Hailed as "One of the most innovative and exciting percussion ensembles to emerge in the golden age of chamber music" for their immersive sound world, New York City-based Excelsis Percussion Quartet is Marcelina Suchocka (Poland), Aya Kaminaguchi (Japan), Britton-René Collins (United States), and Mariana Ramirez (Mexico). This international group of women with a multilingual combination of five languages join together to speak the universal language of rhythm, rooted in their belief that music possesses an ability to unite us all. Excelsis brings vibrancy into the percussion community through eclectic programming, innovative storytelling, and embracing their intersectional identities.
Excelsis made their debut at the PAS NYC Weekend of Percussion in 2014, playing with Lisa Pegher. Described as a "fiery new percussion quartet on the rise," Excelsis has twice been featured on the NPR show From The Top with Christopher O'Riley and appeared as a guest ensemble at the Zeltsman Marimba Festival in 2015. In 2016, Excelsis took the opportunity to curate a program featuring women composers for their performance in Sō Percussion's concert series "Brooklyn Bound."
In the summer of 2016, Excelsis was part of the Tippet Rise Music Festival in Montana, performing John Luther Adams' outdoor percussion piece "Inuksuit" alongside Doug Perkins and members of the Montana Symphony. In addition to their active performance schedule, Excelsis delivers masterclasses and educational workshops, most recently giving a clinic at the Salem State University in Massachusetts.
Excelsis Percussion Quartet’s breadth of repertoire spans from classical to avant-garde. With the presence of exciting arrangements, including Björk and other pop music covers, Excelsis advocates for multi-genre representation in their programming, charming audiences with contrasting and uniquely innovative concert experiences. Excelsis Percussion Quartet proudly endorses Sabian Cymbals.
Steve Reich – Drumming Part One
Paul Lansky – Threads
John Cage – Third Construction
Yaz Lancaster – Sequoia
Elliot Cole – Postludes
– Intermission –
Alejandro Viñao – Stress & Flow
Katherine Young – just water, no lemon
Steve Reich – Clapping Music
This program features the great chamber works of percussion that paved the way for new voices and contemporary masterpieces. Excelsis Percussion believes that sound exploration and expressivity are timeless and ever-expanding. This program simultaneously takes a step into the past while looking toward the possibilities of the future.
Björk – Hyperballad
Björk – Crystalline
a-ha – Take On Me
Coldplay – Viva La Vida
Gotye – Somebody That I Used To Know
Harry Styles – Watermelon Sugar
Billie Eilish – Therefore I am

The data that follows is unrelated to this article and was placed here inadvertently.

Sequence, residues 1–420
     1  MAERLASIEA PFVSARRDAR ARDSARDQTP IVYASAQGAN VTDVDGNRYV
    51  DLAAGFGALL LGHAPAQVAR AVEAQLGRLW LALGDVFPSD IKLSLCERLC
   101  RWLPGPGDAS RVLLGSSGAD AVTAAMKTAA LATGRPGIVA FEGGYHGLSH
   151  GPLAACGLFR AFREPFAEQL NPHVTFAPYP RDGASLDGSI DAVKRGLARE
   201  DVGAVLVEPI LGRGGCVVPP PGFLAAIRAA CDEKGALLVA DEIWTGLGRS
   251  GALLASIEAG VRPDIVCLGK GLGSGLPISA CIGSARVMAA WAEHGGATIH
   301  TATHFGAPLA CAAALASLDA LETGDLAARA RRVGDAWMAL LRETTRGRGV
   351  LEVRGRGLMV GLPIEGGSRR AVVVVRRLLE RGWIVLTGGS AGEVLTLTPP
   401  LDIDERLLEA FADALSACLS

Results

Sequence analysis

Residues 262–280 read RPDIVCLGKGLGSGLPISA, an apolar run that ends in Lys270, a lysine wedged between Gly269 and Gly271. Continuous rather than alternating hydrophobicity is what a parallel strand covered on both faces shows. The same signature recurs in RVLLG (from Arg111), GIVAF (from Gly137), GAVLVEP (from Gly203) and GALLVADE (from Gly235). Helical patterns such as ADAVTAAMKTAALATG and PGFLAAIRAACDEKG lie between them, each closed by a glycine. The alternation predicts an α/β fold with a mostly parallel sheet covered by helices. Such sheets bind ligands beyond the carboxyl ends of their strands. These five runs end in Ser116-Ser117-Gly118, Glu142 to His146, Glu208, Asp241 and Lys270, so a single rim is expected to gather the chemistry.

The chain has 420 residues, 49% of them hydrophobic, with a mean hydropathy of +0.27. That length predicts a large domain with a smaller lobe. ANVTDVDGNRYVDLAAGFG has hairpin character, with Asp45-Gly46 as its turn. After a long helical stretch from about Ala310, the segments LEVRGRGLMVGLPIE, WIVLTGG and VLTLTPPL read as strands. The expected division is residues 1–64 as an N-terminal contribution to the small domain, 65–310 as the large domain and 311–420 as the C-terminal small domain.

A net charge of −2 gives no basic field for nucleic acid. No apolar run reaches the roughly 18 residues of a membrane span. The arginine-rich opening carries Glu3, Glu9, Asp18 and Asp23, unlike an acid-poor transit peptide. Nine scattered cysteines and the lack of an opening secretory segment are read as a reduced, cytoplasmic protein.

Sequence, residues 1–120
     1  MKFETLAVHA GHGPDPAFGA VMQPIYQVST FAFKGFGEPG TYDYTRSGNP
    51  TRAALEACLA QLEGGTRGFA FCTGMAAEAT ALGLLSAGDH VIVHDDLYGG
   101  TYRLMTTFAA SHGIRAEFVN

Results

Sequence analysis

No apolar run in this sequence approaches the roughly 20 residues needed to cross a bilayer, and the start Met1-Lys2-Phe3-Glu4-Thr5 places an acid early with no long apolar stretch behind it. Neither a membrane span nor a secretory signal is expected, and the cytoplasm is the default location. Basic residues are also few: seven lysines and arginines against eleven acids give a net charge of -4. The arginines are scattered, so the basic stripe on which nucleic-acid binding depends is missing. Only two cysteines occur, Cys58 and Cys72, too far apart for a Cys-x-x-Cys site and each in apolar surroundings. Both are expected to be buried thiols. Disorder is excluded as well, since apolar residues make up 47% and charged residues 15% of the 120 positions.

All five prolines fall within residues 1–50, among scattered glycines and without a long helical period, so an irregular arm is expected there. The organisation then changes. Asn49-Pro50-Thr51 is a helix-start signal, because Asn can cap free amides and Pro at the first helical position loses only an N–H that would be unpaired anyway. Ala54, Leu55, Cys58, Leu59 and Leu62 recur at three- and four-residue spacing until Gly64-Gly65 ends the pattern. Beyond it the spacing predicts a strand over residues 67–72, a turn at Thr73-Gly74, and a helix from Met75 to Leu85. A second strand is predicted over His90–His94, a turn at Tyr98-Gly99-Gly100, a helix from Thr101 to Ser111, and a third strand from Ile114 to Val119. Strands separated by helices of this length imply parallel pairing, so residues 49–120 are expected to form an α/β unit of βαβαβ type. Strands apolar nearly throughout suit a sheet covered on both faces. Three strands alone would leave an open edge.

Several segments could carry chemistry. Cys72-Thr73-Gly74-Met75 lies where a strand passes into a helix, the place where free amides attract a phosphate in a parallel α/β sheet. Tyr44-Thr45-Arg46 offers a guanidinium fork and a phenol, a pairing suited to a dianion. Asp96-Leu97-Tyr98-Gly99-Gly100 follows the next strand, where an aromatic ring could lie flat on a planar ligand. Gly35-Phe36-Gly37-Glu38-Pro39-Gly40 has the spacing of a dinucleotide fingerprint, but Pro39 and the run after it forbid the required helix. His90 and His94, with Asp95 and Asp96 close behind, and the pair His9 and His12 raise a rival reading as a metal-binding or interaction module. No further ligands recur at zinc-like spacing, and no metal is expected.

– Intermission –
Clean Bandit – Rather Be
Camila Cabello – Havana
Olivia Rodrigo – deja vu
Ariana Grande – Dangerous Woman
Beyoncé – Run the World (Girls)
BTS – Butter
BTS – Dynamite
This program celebrates multi-genre music through a juke-box inspired performance of pop music with a classical twist. Combined with elements of surprise and audience participation, this program creates a fun and accessible concert experience for all audiences and age groups.
Björk - Hyperballad
Björk - Crystalline
David Molk - Murmur
Alyssa Weinberg - Ember II
Juri Seo - vv
Jennifer Higdon - Zones
Joe Moore III - Spiritual Gifts
A blend of multiple styles, cultures, and soundscapes, this enticing program reimagines the classical concert experience through embracing contrast and the vast globality of cross-genre exploration. Excelsis Percussion brings together their different experiences and identities to share one unified program of powerful, multicultural chamber music.
Introducing the percussion family while demonstrating the instruments. Open with a piece together. Then, one by one, one person describes the snare drum, demonstrating it. The next person can demonstrate a tambourine, relating it to the snare drum, and playing a little on it. We can also discuss the sister instrument of the tambourine, the pandeiro, and its rich cultural history. Next, we can discuss pitched versus unpitched instruments. The next person can introduce the mallet instruments and discuss the origins in Africa and South/Central America. We can end by selecting a few students to come up, one by one, and have a mini lesson on each instrument.
Review all of the above, making a condensed version. Add on more facts about percussion within the different genres of music. For example, the creation of the bass drum pedal in New Orleans as a part of the parade traditions there. Then, its use in jazz music has influenced all the popular genres we listen to today: blues, pop, rock, hip hop, and country. Play an arrangement of a jazz tune and ask the students to listen to specific elements: melody, repetition, bass line, groove. One person can demonstrate hand drums and discuss the rich cultural history of hand drum playing in Africa and South America.
Discuss the makeup of the group and our cultural backgrounds, and the role of female percussionists in particular.
Students can go up to try the instruments, one by one, or we can do a canon game where one group repeats one rhythm, and the other group repeats another rhythm.
Review the basics of percussion^ (depending on the level). The discussion of pitched versus unpitched instruments, origins of all the instruments, with demonstrations/performances. The class is significantly more interactive, and students go up to play. They can either play their own pieces if they are percussionists, or we can do call and response and break up the classroom into groups to make “canon.”